May 5, 2015

Size Structures Sensory Hierarchy in Ocean Life

BioRxiv : the Preprint Server for Biology
Erik A MartensAndré Visser

Abstract

Survival in aquatic environments requires organisms to have effective means of collecting information from their surroundings through various sensing strategies. In this study, we explore how sensing mode and range depend on body size. We find a hierarchy of sensing modes determined by body size. With increasing body size, a larger battery of modes becomes available (chemosensing, mechanosensing, vision, hearing, and echolocation, in that order) while the sensing range also increases. This size-dependent hierarchy and the transitions between primary sensory modes are explained on the grounds of limiting factors set by physiology and the physical laws governing signal generation, transmission and reception. We theoretically predict the body size limits for various sensory modes, which align well with size ranges found in literature. The treatise of all ocean life, from unicellular organisms to whales, demonstrates how body size determines available sensing modes, and thereby acts as a major structuring factor of aquatic life.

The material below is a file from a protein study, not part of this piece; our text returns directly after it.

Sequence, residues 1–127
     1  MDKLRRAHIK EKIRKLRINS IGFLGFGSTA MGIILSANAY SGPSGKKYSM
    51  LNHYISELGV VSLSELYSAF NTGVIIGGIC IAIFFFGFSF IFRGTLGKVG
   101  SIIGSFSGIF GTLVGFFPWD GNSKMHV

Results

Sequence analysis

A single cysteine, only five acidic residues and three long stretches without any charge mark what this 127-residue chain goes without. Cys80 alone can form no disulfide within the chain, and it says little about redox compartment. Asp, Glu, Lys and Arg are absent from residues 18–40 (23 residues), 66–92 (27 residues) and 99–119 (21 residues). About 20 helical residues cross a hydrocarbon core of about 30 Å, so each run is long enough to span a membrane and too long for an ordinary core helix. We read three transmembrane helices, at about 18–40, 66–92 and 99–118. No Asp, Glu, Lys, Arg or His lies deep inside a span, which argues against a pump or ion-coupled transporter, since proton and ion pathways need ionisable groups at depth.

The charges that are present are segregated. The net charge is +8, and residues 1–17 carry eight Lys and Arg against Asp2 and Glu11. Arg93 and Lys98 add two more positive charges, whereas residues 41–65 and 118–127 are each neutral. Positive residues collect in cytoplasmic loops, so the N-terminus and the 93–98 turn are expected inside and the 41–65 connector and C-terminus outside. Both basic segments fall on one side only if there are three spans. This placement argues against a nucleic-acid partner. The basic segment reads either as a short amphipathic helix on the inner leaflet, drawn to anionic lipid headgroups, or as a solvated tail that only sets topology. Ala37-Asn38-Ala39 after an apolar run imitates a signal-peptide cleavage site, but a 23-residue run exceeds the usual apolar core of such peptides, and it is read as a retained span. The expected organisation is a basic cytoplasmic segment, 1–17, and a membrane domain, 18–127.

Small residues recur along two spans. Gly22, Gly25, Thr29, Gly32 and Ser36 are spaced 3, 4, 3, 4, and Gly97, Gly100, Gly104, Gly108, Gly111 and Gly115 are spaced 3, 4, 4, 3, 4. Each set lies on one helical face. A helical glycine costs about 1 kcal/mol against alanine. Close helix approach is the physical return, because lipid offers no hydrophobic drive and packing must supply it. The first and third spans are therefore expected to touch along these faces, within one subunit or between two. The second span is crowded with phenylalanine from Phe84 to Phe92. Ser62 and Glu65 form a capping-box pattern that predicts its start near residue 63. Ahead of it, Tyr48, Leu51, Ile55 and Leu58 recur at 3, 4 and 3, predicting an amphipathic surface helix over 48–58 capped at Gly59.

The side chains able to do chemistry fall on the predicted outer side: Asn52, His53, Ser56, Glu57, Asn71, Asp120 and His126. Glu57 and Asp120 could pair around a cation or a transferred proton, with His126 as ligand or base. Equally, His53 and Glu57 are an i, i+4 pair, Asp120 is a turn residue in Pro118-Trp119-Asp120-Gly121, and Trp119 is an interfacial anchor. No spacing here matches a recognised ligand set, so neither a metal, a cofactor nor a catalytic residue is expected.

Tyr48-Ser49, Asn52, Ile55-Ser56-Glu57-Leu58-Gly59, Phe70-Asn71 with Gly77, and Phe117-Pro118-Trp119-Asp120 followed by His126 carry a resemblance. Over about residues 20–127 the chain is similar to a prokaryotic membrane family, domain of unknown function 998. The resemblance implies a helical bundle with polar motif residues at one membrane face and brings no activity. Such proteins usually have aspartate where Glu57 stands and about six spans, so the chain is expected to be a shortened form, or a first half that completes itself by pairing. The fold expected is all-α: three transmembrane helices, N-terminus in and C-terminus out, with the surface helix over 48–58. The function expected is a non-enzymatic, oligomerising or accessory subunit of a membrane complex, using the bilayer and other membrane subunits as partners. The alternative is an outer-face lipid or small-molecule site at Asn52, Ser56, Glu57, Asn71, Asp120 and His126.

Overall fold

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Mentioned in this Paper

Microorganism
Study
Size
Unicellular Trichome Branch
Vision
Sensory Disorders
Environment
Whales
Echolocation
Disease Transmission

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